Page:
Were such a powerful electro magentic pulse to hit hit the earth and wipe out critical infrastructure elements like utilities, satellite positioning systems and transportation, civilization as we know it would devolve into chaos within a matter of hours. Estimates suggest that in such a scenario 90% of America’s population would perish within one year’s time due to lack of food, clean water, medicine and other critical services currently made possible by on-demand electrical infrastructure.
Former Congressman Roscoe Bartlett has warned that every American should develop an emergency plan for exactly such a scenario:
“We don’t really think of those today, because it’s so convenient to go to the supermarket,” he cautions. “But you know, you’re planning because the supermarket may not always be there.”
The electrical grid could fail tomorrow, he frequently warns. Food would disappear from the shelves. Water would no longer flow from the pipes. Money might become worthless. People could turn on each other, and millions would die.
The grid could be crippled at least four different ways, Bartlett says: terrorist assaults on power substations, a cyberattack, a massive solar storm and an electromagnetic pulse attack.
Bartlett has for decades warned of the harm of an EMP attack — a nuclear detonation in the atmosphere that could fry computers and anything with an electric circuit — in his writings, in legislation and in late-night speeches on the House floor, though experts differ on the seriousness of the threat. Some agree the dangers are real, while others say such an attack is unlikely and the potential effects remain uncertain.
“Whatever level you’re concentrating on, being as self-sufficient as you can, as quickly as you can, is going to be the right thing to do,” he says.
Bartlett has suggested that those with the ability to do so should move their families out of major cities and become as self sufficient as possible:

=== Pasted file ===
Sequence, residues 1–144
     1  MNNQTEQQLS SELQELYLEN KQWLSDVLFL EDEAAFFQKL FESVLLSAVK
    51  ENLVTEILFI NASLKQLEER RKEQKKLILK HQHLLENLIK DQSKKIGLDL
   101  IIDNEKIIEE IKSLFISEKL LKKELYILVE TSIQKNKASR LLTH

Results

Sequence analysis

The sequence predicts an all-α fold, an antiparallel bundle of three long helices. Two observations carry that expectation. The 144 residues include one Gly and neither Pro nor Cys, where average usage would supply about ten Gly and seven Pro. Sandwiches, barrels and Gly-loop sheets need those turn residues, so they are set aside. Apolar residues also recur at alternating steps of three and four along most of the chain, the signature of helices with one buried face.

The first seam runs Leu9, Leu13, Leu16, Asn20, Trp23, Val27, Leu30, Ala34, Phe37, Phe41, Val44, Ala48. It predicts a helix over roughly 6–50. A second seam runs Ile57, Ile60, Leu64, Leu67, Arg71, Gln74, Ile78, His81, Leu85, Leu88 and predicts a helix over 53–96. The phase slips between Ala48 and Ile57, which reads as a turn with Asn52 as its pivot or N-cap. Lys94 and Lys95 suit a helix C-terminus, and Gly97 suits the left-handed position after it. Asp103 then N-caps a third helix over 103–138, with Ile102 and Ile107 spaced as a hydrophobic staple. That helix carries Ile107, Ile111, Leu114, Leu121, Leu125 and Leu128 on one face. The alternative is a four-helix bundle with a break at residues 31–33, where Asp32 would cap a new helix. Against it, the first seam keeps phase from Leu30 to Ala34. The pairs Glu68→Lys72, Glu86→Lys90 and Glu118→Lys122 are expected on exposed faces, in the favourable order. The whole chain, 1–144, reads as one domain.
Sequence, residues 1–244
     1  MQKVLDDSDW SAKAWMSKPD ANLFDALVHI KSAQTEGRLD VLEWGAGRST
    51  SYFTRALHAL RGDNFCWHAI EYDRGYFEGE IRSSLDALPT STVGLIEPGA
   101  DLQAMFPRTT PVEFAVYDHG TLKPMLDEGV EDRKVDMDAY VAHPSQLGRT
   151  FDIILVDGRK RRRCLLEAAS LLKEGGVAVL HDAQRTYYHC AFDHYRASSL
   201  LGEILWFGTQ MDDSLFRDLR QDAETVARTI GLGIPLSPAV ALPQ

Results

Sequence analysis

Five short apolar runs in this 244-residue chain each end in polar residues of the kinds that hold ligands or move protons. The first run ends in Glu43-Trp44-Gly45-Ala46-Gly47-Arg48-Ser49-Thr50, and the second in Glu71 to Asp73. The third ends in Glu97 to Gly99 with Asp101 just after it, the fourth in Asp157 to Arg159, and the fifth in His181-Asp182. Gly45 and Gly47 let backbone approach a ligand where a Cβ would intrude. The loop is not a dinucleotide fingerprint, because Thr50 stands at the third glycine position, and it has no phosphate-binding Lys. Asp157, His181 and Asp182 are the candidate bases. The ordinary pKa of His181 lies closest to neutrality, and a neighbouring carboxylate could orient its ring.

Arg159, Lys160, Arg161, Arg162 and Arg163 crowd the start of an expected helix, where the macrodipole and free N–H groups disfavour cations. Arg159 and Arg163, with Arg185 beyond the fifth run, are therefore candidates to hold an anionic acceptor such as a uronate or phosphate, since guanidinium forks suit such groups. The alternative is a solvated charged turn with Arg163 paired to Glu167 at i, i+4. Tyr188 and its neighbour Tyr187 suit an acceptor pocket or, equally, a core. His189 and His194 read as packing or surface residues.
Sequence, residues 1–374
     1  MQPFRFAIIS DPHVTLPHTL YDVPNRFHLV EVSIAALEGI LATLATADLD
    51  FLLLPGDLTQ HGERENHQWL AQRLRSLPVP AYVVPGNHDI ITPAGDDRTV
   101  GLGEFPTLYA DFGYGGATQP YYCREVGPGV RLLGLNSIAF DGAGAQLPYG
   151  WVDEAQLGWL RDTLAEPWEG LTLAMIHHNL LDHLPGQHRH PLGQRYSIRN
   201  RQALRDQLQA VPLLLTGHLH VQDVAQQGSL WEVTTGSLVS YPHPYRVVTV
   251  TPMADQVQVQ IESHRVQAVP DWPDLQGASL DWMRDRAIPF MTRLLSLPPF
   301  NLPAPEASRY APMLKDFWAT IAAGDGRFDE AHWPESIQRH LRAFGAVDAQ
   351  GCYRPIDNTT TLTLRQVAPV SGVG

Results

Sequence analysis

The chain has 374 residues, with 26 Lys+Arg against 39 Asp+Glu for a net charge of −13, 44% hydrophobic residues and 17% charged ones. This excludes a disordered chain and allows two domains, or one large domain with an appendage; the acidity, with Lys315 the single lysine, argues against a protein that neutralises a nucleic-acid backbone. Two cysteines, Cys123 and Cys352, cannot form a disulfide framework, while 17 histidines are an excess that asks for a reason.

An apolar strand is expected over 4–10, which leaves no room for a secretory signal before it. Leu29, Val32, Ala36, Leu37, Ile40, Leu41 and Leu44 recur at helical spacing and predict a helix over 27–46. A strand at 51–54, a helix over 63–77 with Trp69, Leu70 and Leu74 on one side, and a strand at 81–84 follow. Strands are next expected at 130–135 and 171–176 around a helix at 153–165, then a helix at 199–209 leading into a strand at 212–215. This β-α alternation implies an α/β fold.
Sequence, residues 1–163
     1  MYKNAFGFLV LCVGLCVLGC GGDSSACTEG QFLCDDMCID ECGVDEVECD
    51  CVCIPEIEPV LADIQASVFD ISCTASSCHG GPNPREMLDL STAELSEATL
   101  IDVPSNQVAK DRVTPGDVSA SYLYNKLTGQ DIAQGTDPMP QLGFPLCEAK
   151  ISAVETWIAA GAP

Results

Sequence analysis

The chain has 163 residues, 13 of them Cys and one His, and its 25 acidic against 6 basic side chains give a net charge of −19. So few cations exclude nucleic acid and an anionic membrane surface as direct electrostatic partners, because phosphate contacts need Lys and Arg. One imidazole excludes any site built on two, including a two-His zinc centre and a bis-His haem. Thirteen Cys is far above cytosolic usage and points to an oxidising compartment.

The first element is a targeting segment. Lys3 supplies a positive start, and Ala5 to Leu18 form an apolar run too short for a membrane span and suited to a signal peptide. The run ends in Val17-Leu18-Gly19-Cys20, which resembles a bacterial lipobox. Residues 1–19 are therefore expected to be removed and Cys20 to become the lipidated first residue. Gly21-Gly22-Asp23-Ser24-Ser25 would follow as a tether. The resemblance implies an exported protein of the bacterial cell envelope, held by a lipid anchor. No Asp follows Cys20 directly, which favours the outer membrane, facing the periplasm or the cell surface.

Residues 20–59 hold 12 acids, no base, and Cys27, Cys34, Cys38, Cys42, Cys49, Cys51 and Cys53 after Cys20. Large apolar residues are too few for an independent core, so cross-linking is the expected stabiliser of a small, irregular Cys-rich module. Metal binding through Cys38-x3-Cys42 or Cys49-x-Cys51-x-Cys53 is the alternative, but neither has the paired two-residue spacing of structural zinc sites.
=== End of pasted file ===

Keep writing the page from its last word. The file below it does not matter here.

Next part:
A solar flare or man-made EMP (in the form of a Super EMP weapon) is an outlier.
Two weeks ago, had the sun spot that emitted the Carrington-like flare been directed just a few degrees in our direction, we’d be living in a different world today. Likewise, ten years ago, the earth took a glancing blow.
We have come close, and one day chances are an earth directed flare will take out our modern day electrical infrastructure.
It could happen a month from now or 10 years from now during the next solar maximum cycle. What we know is that it has happened before, and it will happen again.
It’s not impossible to survive such an event. It starts with understanding that the threat is real and then making an effort to take steps that insulate yourself and your family as best as possible should it come to pass:
- Relocate out of major cities if possible, or have backup plans if doing so is impossible. Strategic relocation specialist Joel Skousen and Alex Jones have put together an informative (and free) documentary that is a must watch for those looking to exit large population centers.
- Preparedness starts with small steps. Get started with a primer on Prepping for a Two Week Power Outage
- Once your basic plans are in place, develop a long-term preparedness plan centered around building up your stockpiles, skills and strategies over time.
There are a variety of civilization affecting threats that we face, so preparing for an EMP attack or solar flare will actually ready you for a whole host of other worst-case scenarios.
If you haven’t already started, take it upon yourself to begin preparing today, because those who aren’t ready when disaster strikes will be destined to a fate of hardship and horrors.
It’s better to be prepared a day, a month or a year early, than to be one minute too late.